Well, first of all, if someone came and offered me the Johnson & Johnson vaccine, I would take it in a nanosecond, as soon as possible, just right here, please.
It's 100 percent effective at preventing hospitalization and death. It is 86 percent effective against preventing severe disease that might not require hospitalization, but is very severe for you. That is very effective. And that's a vaccine I would want.
The way to prevent the sort of bad taint of this vaccine is not to focus on the 66 percent, but to focus on what we really care about: How much does it prevent hospitalization and death? How much does it prevent severe disease?
Second of all, we have to make sure that the people getting this vaccine are not only minorities, and that it becomes somehow a second-class vaccine. It is not a second-class vaccine. As I said, I would take it in a heartbeat.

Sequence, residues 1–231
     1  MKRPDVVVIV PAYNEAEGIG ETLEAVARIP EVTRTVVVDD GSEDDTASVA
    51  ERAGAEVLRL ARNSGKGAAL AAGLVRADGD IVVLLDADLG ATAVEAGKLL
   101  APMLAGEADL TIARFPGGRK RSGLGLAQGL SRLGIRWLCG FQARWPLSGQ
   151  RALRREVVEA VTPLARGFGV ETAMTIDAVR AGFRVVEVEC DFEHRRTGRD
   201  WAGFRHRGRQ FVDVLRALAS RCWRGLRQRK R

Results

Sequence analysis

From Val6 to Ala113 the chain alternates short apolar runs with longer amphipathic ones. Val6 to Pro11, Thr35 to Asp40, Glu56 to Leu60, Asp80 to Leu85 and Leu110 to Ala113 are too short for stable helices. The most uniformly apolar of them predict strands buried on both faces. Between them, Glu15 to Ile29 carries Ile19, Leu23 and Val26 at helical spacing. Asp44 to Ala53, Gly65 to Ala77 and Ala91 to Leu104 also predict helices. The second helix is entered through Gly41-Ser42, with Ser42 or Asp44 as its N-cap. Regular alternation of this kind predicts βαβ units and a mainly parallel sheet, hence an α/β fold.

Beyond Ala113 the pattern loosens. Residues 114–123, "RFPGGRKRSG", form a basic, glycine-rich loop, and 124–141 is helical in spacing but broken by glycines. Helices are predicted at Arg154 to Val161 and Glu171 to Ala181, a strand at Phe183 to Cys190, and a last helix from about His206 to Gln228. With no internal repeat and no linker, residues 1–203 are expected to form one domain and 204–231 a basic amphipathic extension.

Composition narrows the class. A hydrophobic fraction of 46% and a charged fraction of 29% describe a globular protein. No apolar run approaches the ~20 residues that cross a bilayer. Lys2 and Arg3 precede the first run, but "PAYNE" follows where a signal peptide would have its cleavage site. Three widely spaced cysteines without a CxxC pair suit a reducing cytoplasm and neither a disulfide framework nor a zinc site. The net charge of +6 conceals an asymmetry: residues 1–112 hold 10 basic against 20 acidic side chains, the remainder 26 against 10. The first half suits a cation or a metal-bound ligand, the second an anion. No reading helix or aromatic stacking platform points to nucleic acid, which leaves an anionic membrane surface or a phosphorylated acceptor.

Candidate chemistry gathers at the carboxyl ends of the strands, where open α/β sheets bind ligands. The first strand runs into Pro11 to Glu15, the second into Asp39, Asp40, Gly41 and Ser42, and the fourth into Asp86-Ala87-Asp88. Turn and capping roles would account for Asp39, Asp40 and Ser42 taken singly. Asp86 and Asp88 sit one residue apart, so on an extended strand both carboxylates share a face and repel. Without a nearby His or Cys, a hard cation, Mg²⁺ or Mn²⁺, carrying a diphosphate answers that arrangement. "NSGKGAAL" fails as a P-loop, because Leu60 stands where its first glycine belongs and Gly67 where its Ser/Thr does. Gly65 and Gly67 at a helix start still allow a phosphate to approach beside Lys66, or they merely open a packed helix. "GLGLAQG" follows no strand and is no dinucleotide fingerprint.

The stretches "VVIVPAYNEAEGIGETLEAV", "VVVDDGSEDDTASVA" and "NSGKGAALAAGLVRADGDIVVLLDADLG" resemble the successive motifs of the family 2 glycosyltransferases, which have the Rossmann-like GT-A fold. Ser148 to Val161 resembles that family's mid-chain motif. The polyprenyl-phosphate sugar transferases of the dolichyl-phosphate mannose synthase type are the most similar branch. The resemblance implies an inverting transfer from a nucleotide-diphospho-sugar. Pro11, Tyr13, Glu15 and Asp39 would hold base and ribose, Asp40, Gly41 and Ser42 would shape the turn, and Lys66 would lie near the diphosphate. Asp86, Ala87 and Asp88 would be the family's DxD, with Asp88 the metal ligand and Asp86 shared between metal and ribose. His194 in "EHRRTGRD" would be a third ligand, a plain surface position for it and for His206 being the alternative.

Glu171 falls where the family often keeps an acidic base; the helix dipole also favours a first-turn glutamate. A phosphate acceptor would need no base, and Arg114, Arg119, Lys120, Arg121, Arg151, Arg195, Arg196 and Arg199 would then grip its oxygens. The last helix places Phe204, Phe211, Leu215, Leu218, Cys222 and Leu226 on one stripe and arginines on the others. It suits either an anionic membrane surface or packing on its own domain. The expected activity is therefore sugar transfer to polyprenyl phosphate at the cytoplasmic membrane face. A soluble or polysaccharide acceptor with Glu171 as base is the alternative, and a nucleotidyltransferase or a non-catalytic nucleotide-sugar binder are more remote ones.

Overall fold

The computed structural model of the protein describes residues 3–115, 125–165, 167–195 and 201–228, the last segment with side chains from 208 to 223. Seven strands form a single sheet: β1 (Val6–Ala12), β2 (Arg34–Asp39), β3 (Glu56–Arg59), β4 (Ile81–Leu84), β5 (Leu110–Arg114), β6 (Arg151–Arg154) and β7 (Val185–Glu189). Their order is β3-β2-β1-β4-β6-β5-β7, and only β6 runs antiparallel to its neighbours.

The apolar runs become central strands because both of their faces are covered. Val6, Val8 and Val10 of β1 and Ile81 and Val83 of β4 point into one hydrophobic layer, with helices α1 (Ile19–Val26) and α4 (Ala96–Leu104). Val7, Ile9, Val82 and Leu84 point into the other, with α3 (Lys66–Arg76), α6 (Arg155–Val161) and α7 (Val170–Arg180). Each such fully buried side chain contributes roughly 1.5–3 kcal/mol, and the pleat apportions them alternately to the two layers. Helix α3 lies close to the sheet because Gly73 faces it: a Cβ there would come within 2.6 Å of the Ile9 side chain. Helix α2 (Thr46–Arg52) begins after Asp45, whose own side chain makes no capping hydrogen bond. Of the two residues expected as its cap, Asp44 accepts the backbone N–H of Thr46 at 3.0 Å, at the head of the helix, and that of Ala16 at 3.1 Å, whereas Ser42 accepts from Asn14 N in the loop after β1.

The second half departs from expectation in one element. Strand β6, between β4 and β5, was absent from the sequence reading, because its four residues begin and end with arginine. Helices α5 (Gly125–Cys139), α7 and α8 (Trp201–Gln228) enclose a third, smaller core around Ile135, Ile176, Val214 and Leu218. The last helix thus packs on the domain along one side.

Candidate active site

I would recommend my children, my brothers take it in a heartbeat. I have recommended it to people who have been offered that. So, I think it is actually quite a good vaccine, and we should make sure that it is broadly used and not targeted only to people who are vulnerable.
Dr. Zeke Emanuel, we thank you, as always.
Thank you, Judy. Nice to be here.